Tsetse fly which is known scientifically as Glossina, is an obliged parasite that feeds on mammals to survive.
Extensive analysis and studies have been carried out on tsetse due to the part they play in transmitting diseases.
They also have a special economic effect in sub-Saharan Africa as the biological transmitters of trypanosomes which is responsible for sleeping sickness in humans and animals.
Tsetse fly can be differentiated from other bigger flies by two simple observed characteristics; first, by the way they fold their wings totally while resting such that one wing rests directly on the other wing over their thorax, secondly through their long proboscis which pushes forward and is joined by a well-defined bulb to the bottom of their heads.
- Scientific Name: Glossina
- Kingdom: Animalia
- Phylum: Arthropoda
- Class: Insecta
- Order: Diptera
- Section: Schizophora
- Subsection: Calyptratae
- Superfamily: Hippoboscoidea
- Family: Glossinidae Theobald, 1903
- Genus: Glossina Wiedemann, 1830
Tsetse flies can be seen in two separate forms as independent individuals: first as adults, and secondly as third-instar larvae.
During the third larvae instar, the progeny first separates from their mothers, at that time they have the appearance of maggots.
It is almost impossible to observe the Tsetse fly at this stage outside the laboratory, as the life stage is very short, lasting only for few hours.
Next, the Tsetse fly develops a hard external case, the puparium, and becomes pupae – small, hard-shelled, elongated ones with two prominent, small, dark lobes at the end of the tail (end of the breathing).
Tsetse pupae are less than 1 inch (O. 5). as, Within the pupal shell, the tsetse fly completes the last two larval stages and the pupal stage.
At the end of the pupal stage, tsetse fly appears as adult flies. The adults are 0.5 to 1.5 centimeters in length, making them relatively large and have a recognizable shape or blueprint that makes them easy to differentiate from other flies.
Tsetse flies have large heads, clearly separated eyes, and unusual antennae. The abdomen is quite large while the belly is broad rather than elongated and shorter than the wings.
Tsetse flies have an adult body consisting of three separate conspicuous parts namely: the head, thorax and the abdomen.
The tsetse flies’ eyes are large in size, clearly separated on each side, and a pronounced, forward-pointing trunk, which is attached below by a large bulb.
The thorax is large and consists of three fused segments. Three pairs of legs are attached to the chest, as well as two wings and two halters.
The belly is short but wide and changes in volume dramatically during feeding.
The internal body structure of the tsetse fly is moderately typical of insects.
The crop is big enough to accommodate a huge increase in size during the blood meal, as tsetse fly can accommodate a blood meal of equal weight for itself.
The reproductive tract of a female adult includes a uterus that can grow large enough to accommodate the third instar larva at the end of each pregnancy.
The article Parasitic Flies from Pets provides a diagram of the body structure of dipteran flies.
Tsetse flies have an unusual life cycle, possibly due to the wealth of their food source.
A female tsetse fly fertilizes just one egg at a time and keeps each egg in her uterus so that the offspring can develop internally in the first three larval stages.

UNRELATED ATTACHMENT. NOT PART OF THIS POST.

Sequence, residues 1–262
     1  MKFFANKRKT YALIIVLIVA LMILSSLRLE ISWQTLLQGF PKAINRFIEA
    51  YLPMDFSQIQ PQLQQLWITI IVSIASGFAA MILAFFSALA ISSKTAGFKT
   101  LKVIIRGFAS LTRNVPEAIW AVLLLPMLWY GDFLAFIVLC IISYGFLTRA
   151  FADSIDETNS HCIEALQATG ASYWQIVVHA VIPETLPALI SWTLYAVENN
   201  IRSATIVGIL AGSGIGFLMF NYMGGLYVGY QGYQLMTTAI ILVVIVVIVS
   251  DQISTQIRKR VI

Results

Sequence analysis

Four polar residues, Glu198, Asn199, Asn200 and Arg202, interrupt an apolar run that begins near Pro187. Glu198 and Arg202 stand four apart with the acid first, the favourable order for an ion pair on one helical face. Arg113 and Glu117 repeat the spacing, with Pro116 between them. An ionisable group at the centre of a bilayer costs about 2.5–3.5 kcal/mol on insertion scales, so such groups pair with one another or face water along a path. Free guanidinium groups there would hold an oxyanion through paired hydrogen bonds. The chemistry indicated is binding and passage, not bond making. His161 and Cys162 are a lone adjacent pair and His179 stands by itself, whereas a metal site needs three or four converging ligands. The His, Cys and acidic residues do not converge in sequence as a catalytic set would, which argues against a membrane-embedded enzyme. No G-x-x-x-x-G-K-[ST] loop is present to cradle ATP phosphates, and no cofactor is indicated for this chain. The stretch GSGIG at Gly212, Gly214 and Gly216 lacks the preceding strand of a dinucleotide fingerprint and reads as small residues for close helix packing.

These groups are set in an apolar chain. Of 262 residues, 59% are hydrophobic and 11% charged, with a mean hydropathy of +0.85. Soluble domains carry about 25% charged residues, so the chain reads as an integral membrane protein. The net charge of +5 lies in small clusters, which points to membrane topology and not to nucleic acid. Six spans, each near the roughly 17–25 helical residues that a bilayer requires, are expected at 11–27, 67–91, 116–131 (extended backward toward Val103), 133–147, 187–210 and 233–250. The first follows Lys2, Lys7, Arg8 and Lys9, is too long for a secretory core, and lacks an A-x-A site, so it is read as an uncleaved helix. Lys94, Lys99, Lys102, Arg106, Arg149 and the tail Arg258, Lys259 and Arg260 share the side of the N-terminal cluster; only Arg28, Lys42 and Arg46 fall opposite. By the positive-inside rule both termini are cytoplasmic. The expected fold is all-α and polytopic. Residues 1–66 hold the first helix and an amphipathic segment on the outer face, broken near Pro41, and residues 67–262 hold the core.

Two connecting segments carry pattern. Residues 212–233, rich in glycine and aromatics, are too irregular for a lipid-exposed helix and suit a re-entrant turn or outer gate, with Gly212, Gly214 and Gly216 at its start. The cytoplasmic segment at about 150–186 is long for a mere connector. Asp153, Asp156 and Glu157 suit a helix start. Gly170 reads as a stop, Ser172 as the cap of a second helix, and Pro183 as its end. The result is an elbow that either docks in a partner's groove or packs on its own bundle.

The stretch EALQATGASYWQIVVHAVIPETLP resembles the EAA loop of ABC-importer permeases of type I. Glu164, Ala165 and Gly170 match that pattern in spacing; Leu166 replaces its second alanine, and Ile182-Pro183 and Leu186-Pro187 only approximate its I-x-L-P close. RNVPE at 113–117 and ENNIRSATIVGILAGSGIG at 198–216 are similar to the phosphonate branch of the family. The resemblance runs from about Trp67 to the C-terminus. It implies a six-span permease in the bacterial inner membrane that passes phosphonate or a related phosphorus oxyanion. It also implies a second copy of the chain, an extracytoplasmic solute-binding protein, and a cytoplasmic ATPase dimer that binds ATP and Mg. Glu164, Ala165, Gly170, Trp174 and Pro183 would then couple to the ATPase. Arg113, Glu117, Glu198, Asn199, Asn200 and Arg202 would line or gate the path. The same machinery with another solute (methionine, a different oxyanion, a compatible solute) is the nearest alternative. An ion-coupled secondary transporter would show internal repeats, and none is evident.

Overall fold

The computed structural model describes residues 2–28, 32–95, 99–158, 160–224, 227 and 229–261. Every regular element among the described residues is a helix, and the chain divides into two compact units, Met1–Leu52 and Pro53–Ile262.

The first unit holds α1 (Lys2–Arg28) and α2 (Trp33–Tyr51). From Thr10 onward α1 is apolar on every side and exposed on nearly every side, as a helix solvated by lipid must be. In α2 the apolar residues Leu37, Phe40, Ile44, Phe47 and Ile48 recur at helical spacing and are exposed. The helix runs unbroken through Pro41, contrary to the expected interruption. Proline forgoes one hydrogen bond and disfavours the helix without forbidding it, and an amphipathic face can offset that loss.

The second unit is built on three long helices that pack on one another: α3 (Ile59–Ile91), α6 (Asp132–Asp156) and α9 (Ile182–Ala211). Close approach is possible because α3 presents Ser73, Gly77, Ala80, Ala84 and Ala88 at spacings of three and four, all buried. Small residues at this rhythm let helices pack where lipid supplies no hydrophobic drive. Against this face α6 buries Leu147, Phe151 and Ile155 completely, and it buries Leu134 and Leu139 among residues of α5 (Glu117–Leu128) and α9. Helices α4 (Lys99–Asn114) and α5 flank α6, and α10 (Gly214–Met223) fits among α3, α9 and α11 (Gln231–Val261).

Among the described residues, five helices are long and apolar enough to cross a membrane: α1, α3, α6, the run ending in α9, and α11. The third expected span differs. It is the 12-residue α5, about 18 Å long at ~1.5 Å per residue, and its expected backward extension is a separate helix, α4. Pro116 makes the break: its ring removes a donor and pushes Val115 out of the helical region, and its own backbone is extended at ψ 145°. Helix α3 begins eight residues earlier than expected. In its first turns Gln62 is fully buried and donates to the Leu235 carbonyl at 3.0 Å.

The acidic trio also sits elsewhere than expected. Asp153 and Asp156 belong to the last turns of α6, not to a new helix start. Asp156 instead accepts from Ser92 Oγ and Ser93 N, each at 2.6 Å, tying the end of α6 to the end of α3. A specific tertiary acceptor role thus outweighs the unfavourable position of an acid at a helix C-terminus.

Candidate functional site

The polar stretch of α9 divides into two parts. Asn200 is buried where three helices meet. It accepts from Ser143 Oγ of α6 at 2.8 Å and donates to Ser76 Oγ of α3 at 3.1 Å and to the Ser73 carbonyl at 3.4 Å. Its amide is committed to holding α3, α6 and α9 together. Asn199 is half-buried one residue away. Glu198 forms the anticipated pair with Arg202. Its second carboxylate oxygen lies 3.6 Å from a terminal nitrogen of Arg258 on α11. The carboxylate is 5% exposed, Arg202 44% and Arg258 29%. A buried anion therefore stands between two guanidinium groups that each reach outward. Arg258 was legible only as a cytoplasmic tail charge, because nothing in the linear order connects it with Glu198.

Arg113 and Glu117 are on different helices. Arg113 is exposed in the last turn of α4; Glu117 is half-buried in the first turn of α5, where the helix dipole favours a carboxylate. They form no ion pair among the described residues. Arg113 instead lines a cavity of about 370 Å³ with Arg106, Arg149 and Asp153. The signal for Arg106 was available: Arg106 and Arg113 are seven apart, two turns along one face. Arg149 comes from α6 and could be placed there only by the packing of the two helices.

This method is called adenotrophic viviparity. During this time, the developing offspring is fed with a milky substance secreted by a modified gland in the uterus of the female tsetse fly.
The tsetse fly larva leaves the uterus in the third larval stage and commences its independent life.
The newly independent tsetse fly larva creeps into the ground and develops a puparial fall (hard outer shell) in which its morphological transformation into an adult fly is completed.
Trypanosomes which belong to the species Trypanosoma brucei are parasites that are responsible for human trypanosomiasis also known as sleeping sickness.
If left untreated, the disease can be very fatal, but it can almost always be cured with topical medication if diagnosed early enough.
Trypanosomiasis starts with a bite from tsetse fly which results in inoculation in the subcutaneous tissue.
This infection goes to the lymphatic system, thereby causing the lymph glands to swell and this phenomenon is called Winterbottom’s sign.
This infection advances into the bloodstream and finally moves over to the central nervous system and attacks the brain resulting in severe lethargy and possible death.
Different measures can be put in place to control the spread of this fatal disease transmitted by the tsetse fly; this control techniques are listed below;
Use of Pesticides
The use of pesticides is effective in controlling the spreading the transmission of trypanosomiasis by tsetse flies.
Organic pesticides can be sprayed on the back of cattle to kill these tsetse flies.
Clearing of Lands
Keeping of lands and bushes low prevents these flies from settling there, this method is very important especially in areas where there are large population of humans.
Use of Traps
Tsetse fly Traps like electric bulb cloth are very effective as these flies are usually attracted to color.
Hides of buffaloes and cows also attract tsetse flies as the colors of these animals are largely dark, which can be used to trap these flies.
Chemicals can also be used to draw tsetse flies to their Traps.
The Resistance of Tsetse Flies to Trypanosome Infection
Tsetse flies have an arsenal of immune defense mechanisms to withstand every stage of the trypanosome infection cycle and are, therefore, relatively resistant to trypanosome infections.
One of the defense mechanisms of the host flies is the production of hydrogen peroxide, a reactive oxygen species that damage DNA.